By Andrew Walker
BBC News Profiles Unit
Andrew Lloyd Webber's Pre-Raphaelite exhibition at London's Royal Academy opens on Saturday.
Rosetti's Fiammetta is a highlight of the exhibition
The show proves to be an important and timely insight into a Victorian artistic phenomenon.
The Pre-Raphaelite Brotherhood burst upon the British artistic scene in the mid-19th Century, creating an enticing blend of Christian spirituality and veiled eroticism which, though it has often gone in and out of popular favour, still captivates today.
Lord Lloyd-Webber has long been a collector of Pre-Raphaelite works, and this exhibition presents a rounded - and riveting - view of this particular genre.
Of particular significance are drawings and portraits by Dante Gabriel Rossetti, attesting to his mastery of pencil, chalk, watercolour and oil. A late work, A Vision of Fiammetta, is richly-coloured and exudes an enticing sensuality.
There are also numerous works by Sir Edward Burne-Jones and William Holman Hunt, whose Morning Prayer crystallises the moral piety central to the Pre-Raphaelite vision.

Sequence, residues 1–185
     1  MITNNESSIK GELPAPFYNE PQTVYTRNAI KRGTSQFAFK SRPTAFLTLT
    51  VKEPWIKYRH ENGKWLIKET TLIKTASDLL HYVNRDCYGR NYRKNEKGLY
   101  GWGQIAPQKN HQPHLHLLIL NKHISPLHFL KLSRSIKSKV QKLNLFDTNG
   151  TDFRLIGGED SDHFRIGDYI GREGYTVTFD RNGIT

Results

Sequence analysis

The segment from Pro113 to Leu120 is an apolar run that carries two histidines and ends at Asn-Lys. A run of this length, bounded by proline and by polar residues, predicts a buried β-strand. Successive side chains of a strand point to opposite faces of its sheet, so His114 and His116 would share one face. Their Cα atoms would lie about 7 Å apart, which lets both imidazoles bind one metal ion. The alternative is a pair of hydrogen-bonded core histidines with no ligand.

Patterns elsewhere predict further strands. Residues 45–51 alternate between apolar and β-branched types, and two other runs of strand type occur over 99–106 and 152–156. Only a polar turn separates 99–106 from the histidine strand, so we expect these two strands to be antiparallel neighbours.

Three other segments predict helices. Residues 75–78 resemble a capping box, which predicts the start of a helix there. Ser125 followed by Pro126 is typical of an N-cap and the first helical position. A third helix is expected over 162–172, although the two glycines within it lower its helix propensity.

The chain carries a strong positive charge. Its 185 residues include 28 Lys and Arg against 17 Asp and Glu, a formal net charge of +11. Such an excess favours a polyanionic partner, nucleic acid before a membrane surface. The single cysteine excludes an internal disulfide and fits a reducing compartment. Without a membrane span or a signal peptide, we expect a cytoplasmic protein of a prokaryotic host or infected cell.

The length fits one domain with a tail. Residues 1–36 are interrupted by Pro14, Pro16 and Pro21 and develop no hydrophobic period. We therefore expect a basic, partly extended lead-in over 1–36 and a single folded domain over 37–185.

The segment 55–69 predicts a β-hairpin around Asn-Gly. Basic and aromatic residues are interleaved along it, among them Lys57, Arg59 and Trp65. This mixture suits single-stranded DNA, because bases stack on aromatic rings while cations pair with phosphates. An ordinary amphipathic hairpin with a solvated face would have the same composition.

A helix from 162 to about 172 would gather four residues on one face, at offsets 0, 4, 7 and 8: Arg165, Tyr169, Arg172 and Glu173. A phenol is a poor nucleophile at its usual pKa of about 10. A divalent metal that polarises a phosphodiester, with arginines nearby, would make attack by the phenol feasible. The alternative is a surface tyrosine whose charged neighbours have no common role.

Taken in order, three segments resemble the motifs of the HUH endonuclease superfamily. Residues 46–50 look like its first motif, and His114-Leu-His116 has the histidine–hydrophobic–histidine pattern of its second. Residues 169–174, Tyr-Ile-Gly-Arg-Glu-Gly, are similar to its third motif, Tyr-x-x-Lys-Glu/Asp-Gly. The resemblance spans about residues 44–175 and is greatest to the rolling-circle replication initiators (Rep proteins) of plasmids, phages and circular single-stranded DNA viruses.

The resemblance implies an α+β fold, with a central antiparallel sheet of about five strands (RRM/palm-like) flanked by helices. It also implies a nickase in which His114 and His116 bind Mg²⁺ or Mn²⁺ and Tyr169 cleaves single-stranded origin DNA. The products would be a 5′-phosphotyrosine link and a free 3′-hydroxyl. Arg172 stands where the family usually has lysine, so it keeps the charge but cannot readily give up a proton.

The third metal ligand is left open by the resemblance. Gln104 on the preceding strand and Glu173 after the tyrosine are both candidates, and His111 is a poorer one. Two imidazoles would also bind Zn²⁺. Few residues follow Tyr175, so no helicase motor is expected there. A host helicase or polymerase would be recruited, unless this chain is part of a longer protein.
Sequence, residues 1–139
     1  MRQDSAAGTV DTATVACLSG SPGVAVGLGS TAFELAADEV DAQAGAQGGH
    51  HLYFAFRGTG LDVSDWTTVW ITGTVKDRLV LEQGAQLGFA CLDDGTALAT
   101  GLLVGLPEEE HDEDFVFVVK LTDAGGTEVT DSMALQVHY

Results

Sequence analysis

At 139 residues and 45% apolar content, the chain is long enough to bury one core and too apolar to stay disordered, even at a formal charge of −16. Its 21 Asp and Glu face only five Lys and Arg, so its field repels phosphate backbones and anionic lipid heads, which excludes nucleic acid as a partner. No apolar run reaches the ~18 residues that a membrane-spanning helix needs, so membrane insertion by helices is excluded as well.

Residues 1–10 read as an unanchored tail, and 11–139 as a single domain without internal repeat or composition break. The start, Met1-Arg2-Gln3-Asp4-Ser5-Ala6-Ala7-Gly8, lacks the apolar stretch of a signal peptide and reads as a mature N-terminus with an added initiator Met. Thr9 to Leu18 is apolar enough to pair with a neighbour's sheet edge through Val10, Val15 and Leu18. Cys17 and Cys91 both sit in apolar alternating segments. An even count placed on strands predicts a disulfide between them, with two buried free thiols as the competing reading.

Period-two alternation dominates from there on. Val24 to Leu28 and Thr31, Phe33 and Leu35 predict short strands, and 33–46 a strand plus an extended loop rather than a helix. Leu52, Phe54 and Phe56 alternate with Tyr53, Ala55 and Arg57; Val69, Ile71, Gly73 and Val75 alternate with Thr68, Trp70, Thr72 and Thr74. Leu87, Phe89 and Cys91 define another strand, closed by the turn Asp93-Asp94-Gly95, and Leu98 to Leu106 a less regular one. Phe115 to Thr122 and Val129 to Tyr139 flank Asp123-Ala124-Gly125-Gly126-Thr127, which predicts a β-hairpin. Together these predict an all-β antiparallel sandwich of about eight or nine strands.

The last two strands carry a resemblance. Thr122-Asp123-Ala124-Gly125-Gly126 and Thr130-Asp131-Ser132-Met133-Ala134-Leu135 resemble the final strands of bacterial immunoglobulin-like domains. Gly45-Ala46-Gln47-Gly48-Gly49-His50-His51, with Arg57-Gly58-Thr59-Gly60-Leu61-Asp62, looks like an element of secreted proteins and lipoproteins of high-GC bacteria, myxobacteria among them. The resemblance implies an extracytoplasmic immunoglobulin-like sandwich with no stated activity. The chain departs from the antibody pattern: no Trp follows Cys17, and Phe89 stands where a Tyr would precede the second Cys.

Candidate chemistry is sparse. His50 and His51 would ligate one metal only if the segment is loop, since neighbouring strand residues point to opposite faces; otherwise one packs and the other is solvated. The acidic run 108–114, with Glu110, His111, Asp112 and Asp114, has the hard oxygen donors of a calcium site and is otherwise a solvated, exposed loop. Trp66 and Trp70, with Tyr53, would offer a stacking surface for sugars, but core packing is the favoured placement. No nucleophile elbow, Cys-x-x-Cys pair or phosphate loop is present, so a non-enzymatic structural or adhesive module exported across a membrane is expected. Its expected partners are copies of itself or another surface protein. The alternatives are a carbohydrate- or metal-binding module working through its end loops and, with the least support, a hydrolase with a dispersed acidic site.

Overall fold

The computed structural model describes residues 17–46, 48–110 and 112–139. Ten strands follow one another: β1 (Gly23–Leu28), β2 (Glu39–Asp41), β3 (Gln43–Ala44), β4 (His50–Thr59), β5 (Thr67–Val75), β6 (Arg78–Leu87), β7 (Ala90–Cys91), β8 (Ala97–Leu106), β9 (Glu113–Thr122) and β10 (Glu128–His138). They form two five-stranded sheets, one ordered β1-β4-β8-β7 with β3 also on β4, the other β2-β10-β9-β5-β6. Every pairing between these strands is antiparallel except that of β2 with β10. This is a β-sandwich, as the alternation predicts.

John Edward Brett painted the highly-detailed Val D'Aosta
Sir Samuel Fildes' The Village Wedding is theatrical, opulent and quietly humorous, as is Marcus Stone's The Railway Station, and John Edward Brett's landscape The Val D'Aosta is a mature and crafted work.
But this exhibition is not just about the Pre-Raphaelites: among other thrills are Canaletto's highly-detailed vision of Old Horse Guards, a Picasso and my personal favourite, a wonderful Stanley Spencer self-portrait.
Whatever else may be said of him, Andrew Lloyd Webber has a superb taste in paintings and I cannot recommend this thoughtfully-presented exhibition highly enough.
Pre-Raphaelite and Other Masters: The Andrew Lloyd Webber Collection, is at the Royal Academy, Piccadilly, London, from 20 September to 16 December.